Subiaco, Australia (PressExposure) May 23, 2011 -- iiNet is a national provider of Internet, telephone and subscription television services. We are headquartered here in Perth, where we commenced operations in 1993. In the subsequent years, we opened up offices in Sydney, Melbourne, Auckland and Capetown where many of our over 2000 staff now work. We also employ contract staff in Indonesia (for software development) and the Philippines (for customer support).
iiNet has been frequently recognised for our commitment to both innovation and customer service, which are our driving strategic principles. This recognition has come in the form of multiple and repeated industry awards.
iiNet is on the record as being an active industry participant and has willingly engaged in the ongoing public debate about:
The competitive environment;
The regulatory framework;
The provision of legal on-line content;
Cyber safety, including Internet filtering; and of course
The evolution and development of the NBN.
iiNet is a strong supporter of the NBN in its current format. We, however, see the NBN as
much more than a step improvement in the technical performance of Internet services.
For us, the accompanying legislation which allows for:
the restructuring of the industry (including the separation of Telstra);
the creation of an open-access, wholesale-only national network; and
revised ACCC regulatory powers
are as welcome and as important as the significant performance improvements.
In fact, the regulatory and structural changes provide immediate benefits to the community, while the network itself will provide a gradual benefit to Australians as the construction takes place over several years.
Together with the backhaul, black-spot funding program, market failures that have been poorly addressed for many years are now being focused on. For example, the backhaul fibre into Geraldton that was only lit up in February is finally giving 2000 households access to competition through iiNet adsl2+ super fast broadband for the first time.
Thousands of customers living in Tasmania can now access high speed NBN broadband at competitive prices. Soon, customers in Armidale in NSW will be switched on to the NBN. Real tangible examples of immediate benefits flowing back to our communities.
In addition, NBN Co. promised us openness and a chance of input into the design phase of this project. They have delivered. Our engineers have worked closely with NBN co over the past two years and we're very happy with the technical specifications that have been delivered to date.
With our strategic focus on customer service and innovation, we see the changed industry structure, improved competitive regime and a higher performance network as both a great opportunity for our business, and culturally satisfying.
Can I tell you what Australians will use the NBN for in ten years time right now? No; but history shows that when you provide essential infrastructure, innovation transpires - and fast.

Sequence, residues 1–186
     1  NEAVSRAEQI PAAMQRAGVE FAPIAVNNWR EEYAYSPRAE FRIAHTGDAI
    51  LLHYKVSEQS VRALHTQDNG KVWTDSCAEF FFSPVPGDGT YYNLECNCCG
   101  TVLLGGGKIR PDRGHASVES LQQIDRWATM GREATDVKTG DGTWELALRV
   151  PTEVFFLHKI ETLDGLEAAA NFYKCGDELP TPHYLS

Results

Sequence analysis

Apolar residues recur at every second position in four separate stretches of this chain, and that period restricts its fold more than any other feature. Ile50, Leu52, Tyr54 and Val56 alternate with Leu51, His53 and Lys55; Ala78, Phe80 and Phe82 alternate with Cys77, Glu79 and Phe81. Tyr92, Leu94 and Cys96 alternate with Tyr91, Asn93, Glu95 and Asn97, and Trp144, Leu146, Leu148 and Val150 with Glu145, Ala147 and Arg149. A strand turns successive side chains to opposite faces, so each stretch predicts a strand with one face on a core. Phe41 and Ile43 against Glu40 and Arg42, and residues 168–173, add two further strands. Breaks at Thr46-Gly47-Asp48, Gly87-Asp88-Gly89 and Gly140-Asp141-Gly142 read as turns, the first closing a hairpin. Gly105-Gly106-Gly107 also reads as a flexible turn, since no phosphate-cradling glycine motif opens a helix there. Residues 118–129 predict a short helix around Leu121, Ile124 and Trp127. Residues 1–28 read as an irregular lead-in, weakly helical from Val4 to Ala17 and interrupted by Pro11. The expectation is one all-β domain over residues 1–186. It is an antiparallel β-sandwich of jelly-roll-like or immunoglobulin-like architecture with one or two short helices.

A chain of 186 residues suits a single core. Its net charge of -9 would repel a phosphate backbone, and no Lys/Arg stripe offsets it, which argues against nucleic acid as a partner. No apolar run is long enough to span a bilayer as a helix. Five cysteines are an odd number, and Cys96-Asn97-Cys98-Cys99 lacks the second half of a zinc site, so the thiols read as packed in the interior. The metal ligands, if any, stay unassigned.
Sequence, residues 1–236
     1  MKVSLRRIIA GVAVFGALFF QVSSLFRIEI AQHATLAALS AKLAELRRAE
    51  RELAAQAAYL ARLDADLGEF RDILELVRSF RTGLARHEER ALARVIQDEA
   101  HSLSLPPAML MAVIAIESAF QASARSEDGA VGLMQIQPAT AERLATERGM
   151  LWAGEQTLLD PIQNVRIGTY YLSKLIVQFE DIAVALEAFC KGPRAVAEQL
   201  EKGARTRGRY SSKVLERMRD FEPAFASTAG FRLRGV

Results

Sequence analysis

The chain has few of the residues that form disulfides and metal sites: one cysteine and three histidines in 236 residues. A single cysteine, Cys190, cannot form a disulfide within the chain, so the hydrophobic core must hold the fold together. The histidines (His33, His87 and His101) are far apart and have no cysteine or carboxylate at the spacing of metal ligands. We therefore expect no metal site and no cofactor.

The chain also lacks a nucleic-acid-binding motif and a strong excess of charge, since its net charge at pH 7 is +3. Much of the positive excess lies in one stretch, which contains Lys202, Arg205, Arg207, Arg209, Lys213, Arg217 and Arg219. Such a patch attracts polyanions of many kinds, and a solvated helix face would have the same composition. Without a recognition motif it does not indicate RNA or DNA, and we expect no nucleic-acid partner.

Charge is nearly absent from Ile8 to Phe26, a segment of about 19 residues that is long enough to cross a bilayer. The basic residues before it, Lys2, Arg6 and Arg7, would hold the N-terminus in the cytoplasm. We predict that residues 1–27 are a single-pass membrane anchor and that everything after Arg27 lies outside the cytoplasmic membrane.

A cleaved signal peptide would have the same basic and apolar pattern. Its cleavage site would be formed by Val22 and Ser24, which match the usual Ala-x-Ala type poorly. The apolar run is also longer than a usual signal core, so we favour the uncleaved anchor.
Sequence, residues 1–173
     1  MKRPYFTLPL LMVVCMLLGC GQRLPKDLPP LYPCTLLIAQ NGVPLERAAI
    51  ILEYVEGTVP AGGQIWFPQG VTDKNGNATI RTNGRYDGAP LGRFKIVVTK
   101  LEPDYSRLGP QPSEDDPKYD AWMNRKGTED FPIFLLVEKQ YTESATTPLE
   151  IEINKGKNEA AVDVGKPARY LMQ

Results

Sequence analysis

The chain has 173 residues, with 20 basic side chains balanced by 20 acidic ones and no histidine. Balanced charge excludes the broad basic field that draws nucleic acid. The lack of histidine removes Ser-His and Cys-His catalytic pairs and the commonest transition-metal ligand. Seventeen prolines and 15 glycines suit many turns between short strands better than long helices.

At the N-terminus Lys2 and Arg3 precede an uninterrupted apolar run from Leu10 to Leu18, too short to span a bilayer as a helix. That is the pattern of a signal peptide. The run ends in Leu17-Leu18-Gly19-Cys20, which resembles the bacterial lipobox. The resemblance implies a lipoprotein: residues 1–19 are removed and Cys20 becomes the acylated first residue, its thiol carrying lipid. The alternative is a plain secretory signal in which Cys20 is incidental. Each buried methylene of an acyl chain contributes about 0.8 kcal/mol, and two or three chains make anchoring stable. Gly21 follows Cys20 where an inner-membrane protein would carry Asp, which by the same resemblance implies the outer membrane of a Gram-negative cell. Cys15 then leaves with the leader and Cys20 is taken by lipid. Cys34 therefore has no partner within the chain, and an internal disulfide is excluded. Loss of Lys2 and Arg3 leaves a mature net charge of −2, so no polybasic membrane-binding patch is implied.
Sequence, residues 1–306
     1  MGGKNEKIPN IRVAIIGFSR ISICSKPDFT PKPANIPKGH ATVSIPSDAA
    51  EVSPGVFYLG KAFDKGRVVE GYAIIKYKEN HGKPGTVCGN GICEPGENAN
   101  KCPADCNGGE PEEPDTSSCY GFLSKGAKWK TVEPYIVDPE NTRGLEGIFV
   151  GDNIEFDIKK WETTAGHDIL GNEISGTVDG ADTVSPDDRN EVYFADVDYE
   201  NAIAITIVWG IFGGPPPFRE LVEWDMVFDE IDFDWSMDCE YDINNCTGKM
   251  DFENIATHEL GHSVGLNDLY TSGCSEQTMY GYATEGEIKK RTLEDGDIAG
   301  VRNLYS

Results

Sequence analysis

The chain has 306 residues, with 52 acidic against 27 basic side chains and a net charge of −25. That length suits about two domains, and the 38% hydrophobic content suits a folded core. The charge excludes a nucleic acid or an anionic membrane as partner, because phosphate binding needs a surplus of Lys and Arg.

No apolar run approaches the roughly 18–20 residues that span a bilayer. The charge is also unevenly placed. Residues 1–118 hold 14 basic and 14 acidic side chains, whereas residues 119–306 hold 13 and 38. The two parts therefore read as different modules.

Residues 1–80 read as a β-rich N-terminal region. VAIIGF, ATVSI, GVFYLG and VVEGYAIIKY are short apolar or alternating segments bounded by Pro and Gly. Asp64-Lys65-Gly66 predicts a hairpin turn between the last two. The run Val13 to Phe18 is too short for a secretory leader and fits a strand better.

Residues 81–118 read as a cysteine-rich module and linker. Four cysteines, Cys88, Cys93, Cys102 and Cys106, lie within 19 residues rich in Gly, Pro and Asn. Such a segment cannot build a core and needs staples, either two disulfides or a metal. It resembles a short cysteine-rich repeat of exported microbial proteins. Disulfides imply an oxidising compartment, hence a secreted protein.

Five years ago Twitter and YouTube didn't exist. It's barely ten years since Google and peer-to-peer became part of the Internet and they have simply revolutionised the way that consumers access information.
As construction continues, we now need to turn our eyes to application. What's coming next? The power of the NBN is not just about speed and reliability. The huge advantage it offers is ubiquity.
When we knew that all homes had power sockets, we were able to mass produce electrical appliances. When we know that every home has a grey NBN box, what will start being created? If we had more certainty, then our academics, researchers, hackers and businesses will turn their eyes to that vision.
As attractive as it might be for us a company and our customers, NBN network is not the objective. Its potential use is the real objective.
For iiNet, the fibre network is an important enabler of improvements in the way personal, commercial and government transactions will drive communications over the next 5, 10, or 15 years. It will be intrinsic to our way of life, just as is electricity or any other utility.
We ask: what is it that we want to achieve? What are our National objectives? What will be the measure of our success?
We are of the opinion that the missing component in the debate is a National online or digital economy strategy. We would like to see this debate switching fast to fundamental questions, like: Where does Australia wish to be in a global digital economy? Or does Australia want to create jobs, improve domestic productivity, increase exports and advance its competitive position in a global digital economy?
iiNet is a strong supporter of the NBN but we are also of the opinion that a National Online Strategy should be a matter of priority that should be developed in order to give the NBN, government agencies and the economy at large, purpose and direction.